Back to For Landowners.
Having worked with agricultural producers for over 40 years, Arizona Land and Water Trust understands the critical role that farmers and ranchers play in the stewardship of our desert waters. Leveraging funding from private and public partners, the Trust offers landowners the opportunity – and financial incentive – to support their local river or stream. Completely voluntary, market-based water transactions provide landowners with the flexibility to choose how to use their water, and where and when to conserve that water, in any given season.
Launched in 2007, our Desert Rivers Program was established to restore desert streams and rivers in the Upper Gila, Lower San Pedro and Upper Santa Cruz watersheds.
Water Transaction Tools for Agricultural Landowners
Partnering directly with interested landowners, the Trust incentivizes agricultural water use practices that reduce pressure on local surface water and groundwater supplies. Short-term water-saving practices such as agricultural fallowing, conversions from high to low-water-use crops, and irrigation efficiency improvements all allow more water to remain in Southern Arizona’s river systems, building ecological health and community resilience.
While the below tools illustrate options for incentive-driven water agreements, transactions are not limited to these examples. The Trust works closely with landowners and funders to craft agreements that meet the individual needs of landowners and their local environments.
- Seasonal fallowing – Suspension of irrigation on part or all of a farm or pasture; this option allows landowners to benefit river flows and riparian areas while resting fields for future production.
- Crop conversion – Conversion of traditional crops or pasture to low-water-use species; this tool is well suited for landowners interested in water retention, soil health improvement and sustained water savings.
- Efficiency improvements – Modernization of infrastructure or technology for irrigation, delivery or diversion; this type of transaction improves long-term water efficiency for individual or multiple landowners.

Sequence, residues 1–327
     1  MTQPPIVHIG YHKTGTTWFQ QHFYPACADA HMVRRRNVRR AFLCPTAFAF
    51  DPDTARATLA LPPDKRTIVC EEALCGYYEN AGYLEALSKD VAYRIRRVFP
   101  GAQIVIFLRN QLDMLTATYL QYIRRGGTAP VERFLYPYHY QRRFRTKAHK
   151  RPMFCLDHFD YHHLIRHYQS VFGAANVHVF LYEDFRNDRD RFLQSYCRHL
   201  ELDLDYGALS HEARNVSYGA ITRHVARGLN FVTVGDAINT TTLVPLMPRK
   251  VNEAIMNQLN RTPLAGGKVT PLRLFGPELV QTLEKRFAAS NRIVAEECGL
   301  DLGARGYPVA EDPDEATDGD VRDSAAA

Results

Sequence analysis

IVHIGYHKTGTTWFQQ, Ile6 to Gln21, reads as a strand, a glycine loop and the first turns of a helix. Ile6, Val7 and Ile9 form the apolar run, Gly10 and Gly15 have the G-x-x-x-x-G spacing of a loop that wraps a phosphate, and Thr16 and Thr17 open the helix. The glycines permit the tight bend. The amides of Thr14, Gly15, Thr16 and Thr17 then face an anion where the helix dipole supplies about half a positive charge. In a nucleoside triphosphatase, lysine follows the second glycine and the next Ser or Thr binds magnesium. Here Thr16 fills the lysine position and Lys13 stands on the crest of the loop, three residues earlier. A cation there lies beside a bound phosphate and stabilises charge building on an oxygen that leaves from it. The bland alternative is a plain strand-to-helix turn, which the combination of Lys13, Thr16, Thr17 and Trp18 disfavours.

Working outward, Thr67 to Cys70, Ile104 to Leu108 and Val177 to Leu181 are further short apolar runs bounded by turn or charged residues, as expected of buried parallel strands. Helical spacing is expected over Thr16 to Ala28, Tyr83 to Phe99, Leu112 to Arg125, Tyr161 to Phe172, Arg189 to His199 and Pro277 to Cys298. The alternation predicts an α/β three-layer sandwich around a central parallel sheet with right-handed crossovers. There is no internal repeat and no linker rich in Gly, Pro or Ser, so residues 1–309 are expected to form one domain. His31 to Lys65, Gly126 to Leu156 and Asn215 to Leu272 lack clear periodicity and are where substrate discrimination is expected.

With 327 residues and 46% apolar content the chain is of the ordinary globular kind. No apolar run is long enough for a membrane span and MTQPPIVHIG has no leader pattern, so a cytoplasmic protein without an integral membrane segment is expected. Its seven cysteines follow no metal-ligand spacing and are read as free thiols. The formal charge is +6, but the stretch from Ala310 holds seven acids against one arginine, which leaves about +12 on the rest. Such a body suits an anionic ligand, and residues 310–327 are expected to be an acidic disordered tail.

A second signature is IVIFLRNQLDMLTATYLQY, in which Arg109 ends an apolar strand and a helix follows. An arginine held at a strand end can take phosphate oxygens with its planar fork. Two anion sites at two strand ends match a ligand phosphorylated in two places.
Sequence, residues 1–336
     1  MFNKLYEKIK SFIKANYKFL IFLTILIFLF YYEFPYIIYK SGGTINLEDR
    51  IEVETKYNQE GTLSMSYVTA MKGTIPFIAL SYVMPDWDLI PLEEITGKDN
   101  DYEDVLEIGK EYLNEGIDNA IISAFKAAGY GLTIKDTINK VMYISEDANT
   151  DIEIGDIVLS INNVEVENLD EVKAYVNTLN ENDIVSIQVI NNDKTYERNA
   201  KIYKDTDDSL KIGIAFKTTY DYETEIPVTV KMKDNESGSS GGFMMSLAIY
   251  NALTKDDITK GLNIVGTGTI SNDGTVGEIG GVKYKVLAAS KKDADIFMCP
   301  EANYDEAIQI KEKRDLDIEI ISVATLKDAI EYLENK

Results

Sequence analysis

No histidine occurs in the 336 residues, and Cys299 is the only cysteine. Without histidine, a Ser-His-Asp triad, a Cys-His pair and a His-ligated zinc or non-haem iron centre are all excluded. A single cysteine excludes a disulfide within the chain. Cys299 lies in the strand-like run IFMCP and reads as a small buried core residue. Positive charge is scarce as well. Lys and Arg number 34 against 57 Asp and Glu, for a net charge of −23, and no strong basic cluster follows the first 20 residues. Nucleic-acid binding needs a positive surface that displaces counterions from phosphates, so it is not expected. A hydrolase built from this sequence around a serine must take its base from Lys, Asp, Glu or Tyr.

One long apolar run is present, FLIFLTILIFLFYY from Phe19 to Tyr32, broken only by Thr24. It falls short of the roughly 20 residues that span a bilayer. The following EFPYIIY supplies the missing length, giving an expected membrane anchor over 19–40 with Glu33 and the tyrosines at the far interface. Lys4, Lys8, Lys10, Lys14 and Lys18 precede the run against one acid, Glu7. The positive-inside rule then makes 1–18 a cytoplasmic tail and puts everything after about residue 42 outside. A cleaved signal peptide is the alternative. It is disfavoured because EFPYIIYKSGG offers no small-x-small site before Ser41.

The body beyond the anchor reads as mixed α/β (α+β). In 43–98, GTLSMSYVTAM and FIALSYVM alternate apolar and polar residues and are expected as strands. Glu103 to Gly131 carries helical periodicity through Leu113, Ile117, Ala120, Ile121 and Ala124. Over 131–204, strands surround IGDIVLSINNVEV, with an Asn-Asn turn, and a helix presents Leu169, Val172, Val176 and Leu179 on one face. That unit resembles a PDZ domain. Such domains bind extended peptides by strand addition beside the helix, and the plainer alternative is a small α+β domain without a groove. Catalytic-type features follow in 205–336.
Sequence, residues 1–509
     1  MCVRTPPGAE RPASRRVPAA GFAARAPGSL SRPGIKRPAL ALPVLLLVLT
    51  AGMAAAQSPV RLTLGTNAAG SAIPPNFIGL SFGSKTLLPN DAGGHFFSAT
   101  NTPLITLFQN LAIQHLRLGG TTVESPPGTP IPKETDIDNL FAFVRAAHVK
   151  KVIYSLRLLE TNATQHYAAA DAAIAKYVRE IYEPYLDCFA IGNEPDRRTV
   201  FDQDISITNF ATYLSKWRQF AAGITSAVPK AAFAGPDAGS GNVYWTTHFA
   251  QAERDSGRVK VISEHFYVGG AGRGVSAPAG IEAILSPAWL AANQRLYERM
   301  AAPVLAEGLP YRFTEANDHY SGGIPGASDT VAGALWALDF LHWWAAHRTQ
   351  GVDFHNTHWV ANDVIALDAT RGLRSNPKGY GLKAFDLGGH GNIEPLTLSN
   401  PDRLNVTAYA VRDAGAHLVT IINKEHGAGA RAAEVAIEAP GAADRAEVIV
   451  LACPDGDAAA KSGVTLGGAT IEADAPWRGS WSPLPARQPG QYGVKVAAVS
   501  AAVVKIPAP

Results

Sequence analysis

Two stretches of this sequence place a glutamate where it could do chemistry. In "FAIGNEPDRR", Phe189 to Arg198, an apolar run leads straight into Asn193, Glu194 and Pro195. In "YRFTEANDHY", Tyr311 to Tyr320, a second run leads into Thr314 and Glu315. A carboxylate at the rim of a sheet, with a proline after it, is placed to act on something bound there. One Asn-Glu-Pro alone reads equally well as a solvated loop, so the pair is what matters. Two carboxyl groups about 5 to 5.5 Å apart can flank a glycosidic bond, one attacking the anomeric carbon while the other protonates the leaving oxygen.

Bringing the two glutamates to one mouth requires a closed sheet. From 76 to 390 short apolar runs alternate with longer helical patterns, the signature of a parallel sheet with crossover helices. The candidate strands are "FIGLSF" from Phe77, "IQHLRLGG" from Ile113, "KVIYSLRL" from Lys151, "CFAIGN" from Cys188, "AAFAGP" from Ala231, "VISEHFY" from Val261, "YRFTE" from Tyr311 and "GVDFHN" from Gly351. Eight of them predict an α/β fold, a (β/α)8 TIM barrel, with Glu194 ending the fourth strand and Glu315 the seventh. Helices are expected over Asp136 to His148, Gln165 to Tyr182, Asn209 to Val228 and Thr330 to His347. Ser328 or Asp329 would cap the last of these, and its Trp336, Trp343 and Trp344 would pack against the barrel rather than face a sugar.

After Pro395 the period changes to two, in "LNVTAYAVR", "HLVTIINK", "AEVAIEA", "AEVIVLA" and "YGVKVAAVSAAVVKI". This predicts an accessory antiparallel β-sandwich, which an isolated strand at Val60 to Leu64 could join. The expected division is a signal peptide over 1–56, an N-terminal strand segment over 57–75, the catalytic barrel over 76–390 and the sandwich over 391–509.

In partnership with experienced consultants, and in direct coordination with landowners and funding partners, the Trust designs and implements results-oriented water transactions. The University of Arizona Department of Hydrology and Atmospheric Sciences, AMP Insights LLC and Martin & McCoy LLC support the Trust in quantifying water savings, assessing impact and refining approach to ensure that our transactions are both meaningful and practical.
The Relationship between Land and Water
In the arid Southwest, water flowing on the surface is only half the story. Beneath the perennial, intermittent and ephemeral waters that course through our landscape are shallow rivers of groundwater that both contribute to, and receive flow from, surface waters.
Due to this connectivity, sometimes the most effective means of sustaining desert rivers is to protect the lands around them. Working closely with private landowners, the Trust has protected more than 50,000 acres of working lands across Southern Arizona. With the protection of open space comes improved watershed health: natural landscapes slow the flow of water and encourage infiltration, maintain riparian and habitat connectivity, and promote improved water quality – all while lessening pressure on limited water supplies. With expertise in both land and water transactions, Arizona Land and Water Trust is uniquely positioned to offer practical approaches for holistic, watershed conservation.
From our Partners
We are proud to be partnering with Arizona Land and Water Trust to support the restoration of Arizona’s rivers. Their passion and expertise are helping to provide lasting and impactful benefits to our ecosystem and bring us closer towards a sustainable water supply for all of Arizona. –Intel Corporation
We believe that well-managed land can give back more than it consumes. Working with the Trust has enabled us to migrate to a native perennial pasture that improves soil health and is better able to absorb and retain precipitation, reducing our reliance on irrigation and lessening our demand on the San Pedro River system. –Paul Schwennesen, Double Check Ranch
Read about the Desert Rivers Handbook